John Hickenlooper, a moderate and self-proclaimed pragmatist, sailed through the Colorado Democratic Senate primary on Tuesday without much of a fight from the progressive left. That, progressive advocates say, may be what tanks their best chance this year of gaining another voice and strong support for their agenda in the Senate.
Hickenlooper, the popular former governor and failed 2020 presidential candidate, routed Andrew Romanoff, the former state House speaker who ran firmly to Hickenlooper’s left, in the race to take on Republican Sen. Cory Gardner in November’s election. Gardner is among this cycle’s most vulnerable GOP incumbents, meaning the Democratic primary presented the opportunity for progressives to place an ally in the Senate.
But in letting Hickenlooper claim the nomination with a margin of close to 20 percentage points, they lost any hope of having a candidate who might actually rally around some of their biggest policy ideas, including the Green New Deal and “Medicare for All.”
Romanoff wasn’t the perfect pick for progressives. His own record as a state lawmaker, not unlike Hickenlooper’s as governor, was that of a moderate, willing to make concessions across the political aisle.
But in the Senate race, Romanoff backed a Green New Deal, while Hickenlooper said it would be a “failure.” Romanoff campaigned on Medicare For All, while Hickenlooper argued for building a public option into the Affordable Care Act. Romanoff backed tuition-free public colleges and universities. Hickenlooper favors that proposal only for community colleges. Romanoff campaigned on abolishing the U.S. Immigration and Customs Enforcement agency. Hickenlooper used more tempered language around reforming ICE.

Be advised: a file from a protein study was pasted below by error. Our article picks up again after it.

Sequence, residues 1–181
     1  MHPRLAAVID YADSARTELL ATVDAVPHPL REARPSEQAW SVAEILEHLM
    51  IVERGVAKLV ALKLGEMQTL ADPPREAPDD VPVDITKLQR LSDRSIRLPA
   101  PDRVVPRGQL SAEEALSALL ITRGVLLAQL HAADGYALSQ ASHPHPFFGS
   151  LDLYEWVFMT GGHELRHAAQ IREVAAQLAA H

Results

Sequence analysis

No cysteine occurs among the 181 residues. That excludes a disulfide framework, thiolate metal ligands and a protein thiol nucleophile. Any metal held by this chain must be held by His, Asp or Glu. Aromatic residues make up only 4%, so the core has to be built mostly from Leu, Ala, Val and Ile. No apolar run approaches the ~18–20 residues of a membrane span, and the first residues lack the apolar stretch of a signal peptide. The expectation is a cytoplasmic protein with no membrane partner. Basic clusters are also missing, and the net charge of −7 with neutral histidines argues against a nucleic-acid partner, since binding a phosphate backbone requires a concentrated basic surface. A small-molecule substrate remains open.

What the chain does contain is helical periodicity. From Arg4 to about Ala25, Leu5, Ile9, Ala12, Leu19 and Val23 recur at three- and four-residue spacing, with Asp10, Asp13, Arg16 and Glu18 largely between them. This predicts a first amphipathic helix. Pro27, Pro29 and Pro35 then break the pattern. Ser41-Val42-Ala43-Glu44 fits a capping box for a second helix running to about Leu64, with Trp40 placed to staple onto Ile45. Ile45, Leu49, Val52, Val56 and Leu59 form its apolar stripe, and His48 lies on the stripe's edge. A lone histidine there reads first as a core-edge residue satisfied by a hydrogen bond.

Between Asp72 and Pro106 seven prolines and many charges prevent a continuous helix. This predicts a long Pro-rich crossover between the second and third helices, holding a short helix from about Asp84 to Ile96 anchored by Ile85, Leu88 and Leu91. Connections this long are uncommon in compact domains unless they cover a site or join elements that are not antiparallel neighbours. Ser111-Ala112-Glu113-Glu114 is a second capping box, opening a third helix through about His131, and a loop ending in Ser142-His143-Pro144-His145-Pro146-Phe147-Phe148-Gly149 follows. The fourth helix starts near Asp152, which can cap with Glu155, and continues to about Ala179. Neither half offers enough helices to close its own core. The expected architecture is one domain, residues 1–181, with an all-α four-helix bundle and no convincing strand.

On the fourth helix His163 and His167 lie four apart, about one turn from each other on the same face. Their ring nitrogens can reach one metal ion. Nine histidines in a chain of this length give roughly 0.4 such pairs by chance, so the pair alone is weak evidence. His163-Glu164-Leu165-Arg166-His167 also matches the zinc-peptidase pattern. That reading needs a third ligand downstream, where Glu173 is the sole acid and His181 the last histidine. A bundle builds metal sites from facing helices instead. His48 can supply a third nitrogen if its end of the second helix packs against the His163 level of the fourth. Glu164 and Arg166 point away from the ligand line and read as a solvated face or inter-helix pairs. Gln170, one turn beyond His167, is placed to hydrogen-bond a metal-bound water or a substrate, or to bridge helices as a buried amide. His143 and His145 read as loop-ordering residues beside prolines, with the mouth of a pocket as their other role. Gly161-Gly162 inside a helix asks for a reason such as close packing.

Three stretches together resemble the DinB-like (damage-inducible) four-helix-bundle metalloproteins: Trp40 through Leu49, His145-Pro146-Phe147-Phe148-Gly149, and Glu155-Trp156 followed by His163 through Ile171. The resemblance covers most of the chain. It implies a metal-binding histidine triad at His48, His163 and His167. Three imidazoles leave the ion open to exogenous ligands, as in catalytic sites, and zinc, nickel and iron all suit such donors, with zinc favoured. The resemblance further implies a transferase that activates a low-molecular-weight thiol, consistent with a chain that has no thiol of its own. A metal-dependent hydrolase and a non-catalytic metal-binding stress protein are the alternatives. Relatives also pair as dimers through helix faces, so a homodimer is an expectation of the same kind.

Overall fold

“You have the chance to trade an anti-Green New Deal vote with a pro-Green New Deal vote,” said David Sirota, a former presidential campaign speechwriter for Sen Bernie Sanders (i-Vt.) who has been based in Colorado for more than a decade and is married to state Rep. Emily Sirota (D). “Hickenlooper screws you. It’s an enormous missed opportunity. Whoever wins the primary has an equally good shot of winning against Gardner. When you don’t take blue state opportunities, that’s a huge missed opportunity.”
Compared to the kind of coordinated energy behind Charles Booker, the progressive candidate who fell a few percentage points short in Kentucky’s Democratic Senate race, the faceoff in Colorado went almost under the radar.
Romanoff was backed by the progressive climate activist groups Sunrise Movement and 350 Action, as well as the Denver chapter of the Sanders-aligned group Our Revolution and the Progressive Change Campaign Committee, which is aligned with Sen. Elizabeth Warren (D-Mass.). But big-name elected officials stayed out of the race or came to Hickenlooper’s aid.
Sanders didn’t endorse, nor did Green New Deal co-author Rep. Alexandria Ocasio-Cortez (D-N.Y.). In the campaign’s final week, Warren endorsed Hickenlooper, drawing ire from progressives. Also backing him was Sen. Cory Booker (D-N.J.), another progressive.
Local activists and party insiders all told the same story: after Hickenlooper ended his brief presidential bid and then decided to run for the Senate, he quickly was seen as the presumptive nominee, undercutting the appetite for challenging him.